Table of Contents
- What are adjectives?
- Degrees of adjectives and their types
- Degrees of adjectives examples
- The usage of degrees of adjectives
- Some important points to remember
- Key takeaways
You’ve likely come across the term ‘degrees of adjectives’ before. But what exactly are they and what purpose do they serve in the English language? Without further ado, let’s dive in and learn about degrees of adjectives and their uses!
What are adjectives?
Adjectives are essential parts of speech and provide additional information and context about the noun or pronoun, such as its size, shape, color, quantity, or other characteristics.
For example, the sentence “I saw a cat.” is simple and straightforward, but it doesn’t tell much about the object of the sentence, the cat. However, the sentence “I saw a small, fluffy, black cat.” paints a much clearer picture. This is due to the addition of the adjectives “fluffy,” “black,” and “small,” which describe the size, texture, and color of the cat.
Degrees of adjectives and their types
The degree of adjectives is often used to compare the similar qualities of two or more nouns. The three degrees of adjectives are positive, comparative, and superlative. Let’s learn a bit about them in detail.
Positive degree of adjective
The positive degree of adjectives is the basic form of an adjective and is used to provide information about the quality or characteristic of the noun it is modifying. It describes a noun or pronoun without making any comparisons to other nouns or pronouns.
Comparative degree of adjective
The comparative degree of adjectives is a form of an adjective used to compare two things. It indicates that one thing has more or less of a particular quality or characteristic than the other being compared.
To form the comparative degree, we generally add “-er” to the end of a one-syllable adjective or use “more” + the adjective for adjectives with two or more syllables, and the word “than” is generally used after.
Sentence formation in this degree: noun or pronoun (i.e., a subject) >< verb (what subject is doing) >< comparative adjective >< “than”>< noun (i.e., an object).
Superlative degree of adjective
When comparing more than two nouns or pronouns, the degree is said to be superlative, and the article “the” is used before the superlative adjective. After the superlative adjective, the prepositions “of” and “in” are generally used.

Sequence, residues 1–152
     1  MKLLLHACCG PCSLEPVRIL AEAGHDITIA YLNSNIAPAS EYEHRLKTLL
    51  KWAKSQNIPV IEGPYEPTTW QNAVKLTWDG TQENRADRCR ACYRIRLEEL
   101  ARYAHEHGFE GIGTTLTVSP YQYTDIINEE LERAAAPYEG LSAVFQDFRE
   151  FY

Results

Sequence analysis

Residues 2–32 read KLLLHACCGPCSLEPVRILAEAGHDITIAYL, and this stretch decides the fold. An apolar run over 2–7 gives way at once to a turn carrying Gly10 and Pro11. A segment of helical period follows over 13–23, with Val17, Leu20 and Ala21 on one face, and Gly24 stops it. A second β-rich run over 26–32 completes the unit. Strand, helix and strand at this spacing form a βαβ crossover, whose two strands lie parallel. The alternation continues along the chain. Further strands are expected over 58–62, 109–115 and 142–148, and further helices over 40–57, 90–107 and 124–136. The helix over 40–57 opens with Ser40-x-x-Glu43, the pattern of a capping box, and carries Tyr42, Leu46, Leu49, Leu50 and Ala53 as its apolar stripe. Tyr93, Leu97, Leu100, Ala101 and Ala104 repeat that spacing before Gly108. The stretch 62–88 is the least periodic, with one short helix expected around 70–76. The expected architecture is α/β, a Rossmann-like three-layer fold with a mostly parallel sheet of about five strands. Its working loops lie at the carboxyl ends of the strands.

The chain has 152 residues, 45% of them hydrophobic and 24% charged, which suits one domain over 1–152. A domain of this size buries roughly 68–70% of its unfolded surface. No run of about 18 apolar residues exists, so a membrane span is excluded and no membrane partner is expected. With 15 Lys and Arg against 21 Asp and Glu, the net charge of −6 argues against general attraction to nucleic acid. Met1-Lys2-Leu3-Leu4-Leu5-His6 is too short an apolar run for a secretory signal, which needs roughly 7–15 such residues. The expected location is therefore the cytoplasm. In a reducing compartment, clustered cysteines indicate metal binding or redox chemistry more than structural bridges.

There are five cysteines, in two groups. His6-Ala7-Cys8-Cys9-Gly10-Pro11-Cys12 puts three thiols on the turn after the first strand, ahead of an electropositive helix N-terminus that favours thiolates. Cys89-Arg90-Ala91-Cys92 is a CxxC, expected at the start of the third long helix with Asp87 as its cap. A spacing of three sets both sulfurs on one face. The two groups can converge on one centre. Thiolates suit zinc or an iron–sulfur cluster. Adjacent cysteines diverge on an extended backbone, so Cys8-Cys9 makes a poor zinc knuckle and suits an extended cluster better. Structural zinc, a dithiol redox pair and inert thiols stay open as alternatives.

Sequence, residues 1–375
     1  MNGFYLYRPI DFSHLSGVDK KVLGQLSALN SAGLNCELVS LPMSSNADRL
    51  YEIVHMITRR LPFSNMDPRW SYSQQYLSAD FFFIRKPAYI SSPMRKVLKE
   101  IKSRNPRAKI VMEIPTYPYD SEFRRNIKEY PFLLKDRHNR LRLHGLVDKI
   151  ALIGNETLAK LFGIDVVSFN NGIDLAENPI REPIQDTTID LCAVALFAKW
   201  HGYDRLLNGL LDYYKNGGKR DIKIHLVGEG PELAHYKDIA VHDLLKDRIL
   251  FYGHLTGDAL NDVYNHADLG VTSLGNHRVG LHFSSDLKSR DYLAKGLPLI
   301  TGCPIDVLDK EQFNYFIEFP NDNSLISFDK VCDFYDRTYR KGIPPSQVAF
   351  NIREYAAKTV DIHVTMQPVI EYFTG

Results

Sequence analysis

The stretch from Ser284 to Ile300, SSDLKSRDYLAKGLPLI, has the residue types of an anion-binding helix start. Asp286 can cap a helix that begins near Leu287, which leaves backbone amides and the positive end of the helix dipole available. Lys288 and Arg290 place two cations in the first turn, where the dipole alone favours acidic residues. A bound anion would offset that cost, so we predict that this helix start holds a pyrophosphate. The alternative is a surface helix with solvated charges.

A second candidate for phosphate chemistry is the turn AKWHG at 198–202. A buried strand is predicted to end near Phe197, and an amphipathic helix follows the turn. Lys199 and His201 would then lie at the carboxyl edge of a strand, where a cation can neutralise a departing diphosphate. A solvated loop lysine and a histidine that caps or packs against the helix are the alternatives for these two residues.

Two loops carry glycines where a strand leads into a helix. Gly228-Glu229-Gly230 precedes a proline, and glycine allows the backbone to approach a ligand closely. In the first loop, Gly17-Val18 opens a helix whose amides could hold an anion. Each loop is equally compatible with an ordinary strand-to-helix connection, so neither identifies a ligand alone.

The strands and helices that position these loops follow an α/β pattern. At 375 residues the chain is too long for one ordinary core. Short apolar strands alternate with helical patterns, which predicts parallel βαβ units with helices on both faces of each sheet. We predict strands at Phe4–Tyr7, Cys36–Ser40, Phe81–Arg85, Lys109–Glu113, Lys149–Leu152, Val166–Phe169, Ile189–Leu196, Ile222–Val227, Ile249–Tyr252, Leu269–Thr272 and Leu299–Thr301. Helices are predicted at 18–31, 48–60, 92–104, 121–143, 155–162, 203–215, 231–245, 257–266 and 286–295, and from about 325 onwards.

Sentence formation in this degree: noun or pronoun (i.e., a subject) >< verb (what subject is doing) >< superlative adjective >< “the”>< noun (i.e., an object).
Degrees of adjectives examples
|Naina is tall.
|Naina is taller than Mahek.
|Naina is the tallest of all the sisters.
|Veer is patient.
|Veer is more patient than Isha.
|Veer is the most patient child in the house.
|She is stylish.
|She is more stylish than Geeta.
|She is the most stylish.
|Vinita has a big farmhouse.
|Vinita has a bigger farmhouse than Seema.
|Vinita has the biggest farmhouse.
|The suits in this shop are costly.
|The suits in this shop are costlier than those in other shops.
|The suits in this shop are the costliest.
|My friend, Reema, looks cheerful.
|My friend, Reema, looks more cheerful than my other friends.
|My friend, Reema, looks the most cheerful.
The usage of degrees of adjectives
When there is only a single syllable
- In a comparative degree, when two nouns or pronouns are compared, “er” is added to the adjective, and “r” is added to the adjective that ends with an “e.”
- In a superlative degree, when more than two nouns are being compared, “est” is added to the adjective, and “st” is added to the adjective that ends with an “e.”
- When the positive degree ends in a consonant (except a, e, i, o, u) with a vowel (a, e, i, o, u) before it, write the consonant word at the end twice and then add “er” and “est.”